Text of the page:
Swedish climate activist Greta Thunberg tells U.S. Congress not to subsidise fossil fuel production
By Susan Cornwell
WASHINGTON, April 22 (Reuters) - Swedish climate activist Greta Thunberg warned U.S. lawmakers on Thursday that history will hold them accountable for climate catastrophes if they do not stop subsidizing fossil fuel production, calling tax breaks for the industry a "disgrace."
Thunberg, 18, whose activism has inspired a global movement, testified virtually to a House of Representatives panel on the day President Joe Biden began a virtual two-day Earth Day summit pledging to slash U.S. greenhouse gas emissions in half by 2030.
"The simple fact, and uncomfortable fact, is that if we are to live up to our promises and commitments in Paris, we have to end fossil fuel subsidies ... now," Thunberg said, referring to the international 2016 Paris Climate Change Agreement.
The United States under Biden rejoined the Paris agreement in February, after former President Donald Trump pulled out.
"The fact that we are still having this discussion, and even more that we are still subsidizing fossil fuels, directly or indirectly, using taxpayer money is a disgrace," Thunberg told the House Oversight Committee's environmental subcommittee.
Thunberg, whose activism began at age 15 when she started skipping school on Fridays to protest outside the Swedish parliament for climate change, voiced pessimism.
The subcommittee chairman, Representative Ro Khanna, is pressuring Biden, a fellow Democrat, to keep a campaign promise to end fossil fuel subsidies such as tax breaks and regulatory loopholes.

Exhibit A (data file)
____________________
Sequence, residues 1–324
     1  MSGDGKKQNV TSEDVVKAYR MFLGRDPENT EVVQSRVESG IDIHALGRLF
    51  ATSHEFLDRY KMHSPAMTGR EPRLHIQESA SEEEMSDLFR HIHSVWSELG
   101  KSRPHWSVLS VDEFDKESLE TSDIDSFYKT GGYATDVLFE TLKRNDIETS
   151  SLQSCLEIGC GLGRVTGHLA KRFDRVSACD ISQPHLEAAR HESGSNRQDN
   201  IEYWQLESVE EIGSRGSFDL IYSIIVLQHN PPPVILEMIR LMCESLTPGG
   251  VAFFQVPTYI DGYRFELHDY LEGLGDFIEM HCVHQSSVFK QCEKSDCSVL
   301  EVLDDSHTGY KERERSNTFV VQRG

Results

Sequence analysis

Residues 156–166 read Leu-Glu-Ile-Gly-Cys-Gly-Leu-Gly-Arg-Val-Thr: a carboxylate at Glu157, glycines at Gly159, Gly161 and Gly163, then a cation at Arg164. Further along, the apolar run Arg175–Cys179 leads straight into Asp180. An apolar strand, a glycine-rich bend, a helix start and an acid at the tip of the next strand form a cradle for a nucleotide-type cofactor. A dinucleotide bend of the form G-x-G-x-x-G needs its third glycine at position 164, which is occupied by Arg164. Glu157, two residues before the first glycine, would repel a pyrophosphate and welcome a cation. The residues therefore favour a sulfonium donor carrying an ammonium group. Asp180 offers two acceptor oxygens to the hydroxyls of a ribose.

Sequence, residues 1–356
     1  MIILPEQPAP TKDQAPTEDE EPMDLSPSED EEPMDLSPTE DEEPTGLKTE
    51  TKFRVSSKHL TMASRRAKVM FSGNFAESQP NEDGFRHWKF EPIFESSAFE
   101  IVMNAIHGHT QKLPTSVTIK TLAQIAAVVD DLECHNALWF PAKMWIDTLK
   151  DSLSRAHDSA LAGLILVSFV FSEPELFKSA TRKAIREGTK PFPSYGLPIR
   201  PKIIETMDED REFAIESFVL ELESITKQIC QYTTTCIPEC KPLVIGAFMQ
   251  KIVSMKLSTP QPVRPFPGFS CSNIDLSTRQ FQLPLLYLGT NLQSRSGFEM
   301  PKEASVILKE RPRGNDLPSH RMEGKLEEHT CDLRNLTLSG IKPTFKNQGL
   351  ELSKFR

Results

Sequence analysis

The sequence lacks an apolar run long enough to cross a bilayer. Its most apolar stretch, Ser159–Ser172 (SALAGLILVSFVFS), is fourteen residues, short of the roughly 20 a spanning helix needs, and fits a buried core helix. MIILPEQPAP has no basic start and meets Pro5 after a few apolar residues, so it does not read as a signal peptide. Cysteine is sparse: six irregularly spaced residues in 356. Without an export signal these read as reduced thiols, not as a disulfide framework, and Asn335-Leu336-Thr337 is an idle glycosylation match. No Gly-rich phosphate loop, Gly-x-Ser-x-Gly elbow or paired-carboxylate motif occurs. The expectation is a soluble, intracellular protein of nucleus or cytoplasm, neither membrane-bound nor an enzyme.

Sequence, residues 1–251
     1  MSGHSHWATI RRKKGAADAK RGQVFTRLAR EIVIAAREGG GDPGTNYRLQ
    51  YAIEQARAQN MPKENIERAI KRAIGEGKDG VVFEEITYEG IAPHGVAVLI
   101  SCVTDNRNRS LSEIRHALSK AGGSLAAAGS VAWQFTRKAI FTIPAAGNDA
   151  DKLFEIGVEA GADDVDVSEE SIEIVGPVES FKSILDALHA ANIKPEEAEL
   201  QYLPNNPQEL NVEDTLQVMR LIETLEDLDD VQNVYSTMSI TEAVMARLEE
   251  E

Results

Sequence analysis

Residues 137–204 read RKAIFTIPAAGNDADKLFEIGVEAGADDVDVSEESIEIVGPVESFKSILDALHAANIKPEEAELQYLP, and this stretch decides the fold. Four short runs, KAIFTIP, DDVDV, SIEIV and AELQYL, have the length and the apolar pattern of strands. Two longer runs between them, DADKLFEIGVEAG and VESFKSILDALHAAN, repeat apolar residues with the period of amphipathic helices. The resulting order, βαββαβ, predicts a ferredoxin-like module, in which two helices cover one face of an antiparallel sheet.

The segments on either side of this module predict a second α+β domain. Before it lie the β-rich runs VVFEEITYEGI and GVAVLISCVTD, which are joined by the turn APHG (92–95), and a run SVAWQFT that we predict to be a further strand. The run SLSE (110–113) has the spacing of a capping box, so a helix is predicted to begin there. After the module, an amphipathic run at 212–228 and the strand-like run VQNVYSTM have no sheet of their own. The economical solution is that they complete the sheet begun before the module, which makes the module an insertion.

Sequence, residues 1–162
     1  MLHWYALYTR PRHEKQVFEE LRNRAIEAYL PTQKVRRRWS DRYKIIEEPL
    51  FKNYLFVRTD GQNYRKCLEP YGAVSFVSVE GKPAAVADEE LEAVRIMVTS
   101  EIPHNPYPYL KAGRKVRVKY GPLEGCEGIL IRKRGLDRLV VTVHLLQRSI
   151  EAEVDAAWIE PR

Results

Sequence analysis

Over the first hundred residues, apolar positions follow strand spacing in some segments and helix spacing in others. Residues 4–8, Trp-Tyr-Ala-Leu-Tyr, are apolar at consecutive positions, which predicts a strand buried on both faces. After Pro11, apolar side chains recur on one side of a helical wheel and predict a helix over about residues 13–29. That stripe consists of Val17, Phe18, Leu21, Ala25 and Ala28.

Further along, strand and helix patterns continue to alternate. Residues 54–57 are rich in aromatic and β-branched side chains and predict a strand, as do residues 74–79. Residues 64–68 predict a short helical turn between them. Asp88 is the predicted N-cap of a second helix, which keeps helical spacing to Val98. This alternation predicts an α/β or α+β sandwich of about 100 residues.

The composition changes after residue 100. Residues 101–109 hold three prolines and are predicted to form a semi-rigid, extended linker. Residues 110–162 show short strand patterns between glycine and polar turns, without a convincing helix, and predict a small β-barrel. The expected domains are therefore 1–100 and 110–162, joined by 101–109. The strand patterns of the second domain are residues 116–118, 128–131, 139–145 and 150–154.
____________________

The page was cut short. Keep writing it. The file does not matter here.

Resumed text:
Khanna asked Thunberg if it would be a "gut punch" to environmentalists if fossil fuel subsidies were not eliminated in Biden's current $2.3 plan to overhaul U.S. infrastructure.
"Yes, pretty much," Thunberg replied.
But Frank Macchiarola, senior vice president for policy at the American Petroleum Institute, argued for keeping tax policies that promote energy investment in the United States. He told lawmakers the United States was already the global leader in carbon dioxide emissions reductions in recent years.
The subcommittee's senior Republican, Representative Ralph Norman, rejected "doomsday scenarios" about climate. He said children had been greatly affected by the fear of climate change, and asked Thunberg why she had said previously that she wanted people to "panic" about it.
"I want people to step out of their comfort zones, and not just see the climate crisis as a distant threat, but rather as something that is impacting people already today," Thunberg said.
Biden has called for replacing fossil fuel subsidies with incentives for clean energy production as part of his infrastructure plan, but the plan has not specified which tax breaks for fossil fuel companies would be targeted.
Khanna listed some tax breaks he wants repealed, including one called intangible drilling costs, which allows producers to deduct most costs from drilling new wells.
(Reporting by Susan Cornwell; Editing by Scott Malone and Howard Goller)
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